In this series of articles we will be sharing snippets from the Swedish Forestry Expo. 

At Tigercat’s stand, most attendees had their first opportunity to get up close and personal with the Canadian manufacturer’s 1165 wheeled harvester.

A relatively new product, comparable to something like the John Deere 1270G, this mid-sized wheeled harvester is capable of up to 11 m reach and handling, fitted at the show with the manufacturer’s 534 harvesting head. 

One of its key features, making it ideal for work in steep, unforgiving terrain, is the ability to level the cabin 18 degrees forward and 24 degrees back.

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Matt Roberts, international sales manager, Europe and Russia, said: “This is basically our foray into the bread-and-butter sector of the harvesting business, the largest volume class size.

“We’re expanding into the cut-to-length market more and more. We’ve been building tracked harvesters and processors for a long time now, but the wheeled machines are starting to grow in popularity outside of the European marketplace. That’s why we’re getting into the development of these products for Europe and elsewhere.

“Our approach is the same as with all our other products. It’s not a light-duty machine. We’ve taken a lot of the design elements from our heavier skidders and track-based equipment and put it into a wheel-driven platform, so things like our centre joint, frame structures and boom designs are all elements that come from those heavy-duty applications.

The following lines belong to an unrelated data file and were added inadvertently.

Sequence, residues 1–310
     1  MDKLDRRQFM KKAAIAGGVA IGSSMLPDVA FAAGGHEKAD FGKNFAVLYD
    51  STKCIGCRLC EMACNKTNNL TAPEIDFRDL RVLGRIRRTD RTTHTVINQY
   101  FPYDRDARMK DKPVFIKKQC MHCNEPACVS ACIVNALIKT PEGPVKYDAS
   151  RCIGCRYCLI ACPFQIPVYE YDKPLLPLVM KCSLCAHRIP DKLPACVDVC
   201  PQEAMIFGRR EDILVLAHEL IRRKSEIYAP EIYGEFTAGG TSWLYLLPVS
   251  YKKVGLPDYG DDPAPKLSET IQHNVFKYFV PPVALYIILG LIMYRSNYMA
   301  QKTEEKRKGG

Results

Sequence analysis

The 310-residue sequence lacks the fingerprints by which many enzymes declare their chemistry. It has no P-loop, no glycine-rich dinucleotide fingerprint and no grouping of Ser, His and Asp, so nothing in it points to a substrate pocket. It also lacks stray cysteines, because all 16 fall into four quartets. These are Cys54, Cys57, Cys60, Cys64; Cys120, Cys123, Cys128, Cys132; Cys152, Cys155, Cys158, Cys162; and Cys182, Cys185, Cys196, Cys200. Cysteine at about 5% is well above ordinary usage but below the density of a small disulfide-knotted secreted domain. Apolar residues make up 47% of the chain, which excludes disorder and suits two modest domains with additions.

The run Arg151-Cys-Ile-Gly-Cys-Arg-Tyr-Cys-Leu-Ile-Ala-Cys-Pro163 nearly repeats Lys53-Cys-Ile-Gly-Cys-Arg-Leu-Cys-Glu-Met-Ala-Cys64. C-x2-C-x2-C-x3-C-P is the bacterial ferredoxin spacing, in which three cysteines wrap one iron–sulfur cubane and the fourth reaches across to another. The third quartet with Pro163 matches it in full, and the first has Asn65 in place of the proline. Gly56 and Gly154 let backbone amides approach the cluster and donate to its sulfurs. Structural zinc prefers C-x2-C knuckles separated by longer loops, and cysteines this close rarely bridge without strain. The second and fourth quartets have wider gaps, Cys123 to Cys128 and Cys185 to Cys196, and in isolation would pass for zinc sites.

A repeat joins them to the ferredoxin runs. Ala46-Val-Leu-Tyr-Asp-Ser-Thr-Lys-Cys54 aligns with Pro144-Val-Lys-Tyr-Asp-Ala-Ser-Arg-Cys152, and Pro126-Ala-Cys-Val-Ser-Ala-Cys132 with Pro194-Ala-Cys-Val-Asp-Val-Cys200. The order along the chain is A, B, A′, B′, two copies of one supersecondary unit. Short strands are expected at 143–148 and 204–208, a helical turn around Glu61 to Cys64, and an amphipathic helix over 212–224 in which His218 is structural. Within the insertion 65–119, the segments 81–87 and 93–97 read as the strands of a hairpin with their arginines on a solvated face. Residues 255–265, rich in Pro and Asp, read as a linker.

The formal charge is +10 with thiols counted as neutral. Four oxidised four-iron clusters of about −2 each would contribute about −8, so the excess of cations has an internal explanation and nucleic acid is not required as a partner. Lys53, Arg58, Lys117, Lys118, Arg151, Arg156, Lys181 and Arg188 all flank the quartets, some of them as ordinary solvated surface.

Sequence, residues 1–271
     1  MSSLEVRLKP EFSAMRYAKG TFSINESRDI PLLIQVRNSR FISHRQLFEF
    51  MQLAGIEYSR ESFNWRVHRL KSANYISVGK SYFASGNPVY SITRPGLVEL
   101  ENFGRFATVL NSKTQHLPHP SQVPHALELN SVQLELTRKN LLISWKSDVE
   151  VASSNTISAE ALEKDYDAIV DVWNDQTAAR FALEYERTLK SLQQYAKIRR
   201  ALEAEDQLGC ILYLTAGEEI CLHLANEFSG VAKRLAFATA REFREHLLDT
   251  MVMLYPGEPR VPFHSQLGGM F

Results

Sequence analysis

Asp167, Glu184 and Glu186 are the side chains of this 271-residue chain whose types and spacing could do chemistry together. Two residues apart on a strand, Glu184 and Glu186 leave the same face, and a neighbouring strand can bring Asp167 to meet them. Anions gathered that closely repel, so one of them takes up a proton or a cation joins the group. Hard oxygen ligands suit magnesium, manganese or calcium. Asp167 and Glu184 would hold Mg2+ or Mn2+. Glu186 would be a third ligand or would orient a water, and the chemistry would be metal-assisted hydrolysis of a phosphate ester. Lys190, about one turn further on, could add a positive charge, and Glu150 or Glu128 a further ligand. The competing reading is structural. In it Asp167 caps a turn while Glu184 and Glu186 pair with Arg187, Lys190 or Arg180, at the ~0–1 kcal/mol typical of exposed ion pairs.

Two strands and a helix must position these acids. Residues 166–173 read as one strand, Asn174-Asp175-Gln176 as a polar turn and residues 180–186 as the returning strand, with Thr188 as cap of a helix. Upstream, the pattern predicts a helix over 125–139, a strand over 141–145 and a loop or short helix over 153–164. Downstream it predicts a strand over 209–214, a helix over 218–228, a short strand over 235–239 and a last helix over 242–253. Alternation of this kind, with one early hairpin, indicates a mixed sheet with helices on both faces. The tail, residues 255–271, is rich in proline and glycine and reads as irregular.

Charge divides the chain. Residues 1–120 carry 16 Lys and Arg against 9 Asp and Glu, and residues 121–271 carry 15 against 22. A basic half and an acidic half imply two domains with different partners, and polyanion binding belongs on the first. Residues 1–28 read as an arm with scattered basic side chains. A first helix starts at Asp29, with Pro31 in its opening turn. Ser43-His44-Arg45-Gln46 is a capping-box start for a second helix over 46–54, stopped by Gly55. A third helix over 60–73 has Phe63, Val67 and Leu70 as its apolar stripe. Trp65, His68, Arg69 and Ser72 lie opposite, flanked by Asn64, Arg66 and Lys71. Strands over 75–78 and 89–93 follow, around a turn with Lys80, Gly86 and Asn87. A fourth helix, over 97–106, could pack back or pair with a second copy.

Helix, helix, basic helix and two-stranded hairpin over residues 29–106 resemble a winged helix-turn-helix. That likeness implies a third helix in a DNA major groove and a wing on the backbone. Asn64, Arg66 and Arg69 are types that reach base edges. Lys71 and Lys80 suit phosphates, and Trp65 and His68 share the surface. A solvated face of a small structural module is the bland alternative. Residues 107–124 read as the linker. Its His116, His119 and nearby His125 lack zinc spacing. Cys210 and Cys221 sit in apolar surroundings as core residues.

Forestry Journal: Tigercat's 1075 forwarder.Tigercat's 1075 forwarder. (Image: FJ)

“A lot of the wheel-driven machines tend to be lighter in weight, but sacrifice durability and strength. Ours are heavy, but we’re building the durability into the machines at the factory. In our traditional market areas, our customers want something stronger, so this is what we designed.”

The 1075 20-tonne forwarder was also on display, another heavy-duty design built for high-production applications, a machine that is especially popular in North America, but often sold in Sweden as a scarifier. Matt hinted some smaller models were currently in development.

Keep an eye across our channels for much more content from the first Swedish Forestry Expo.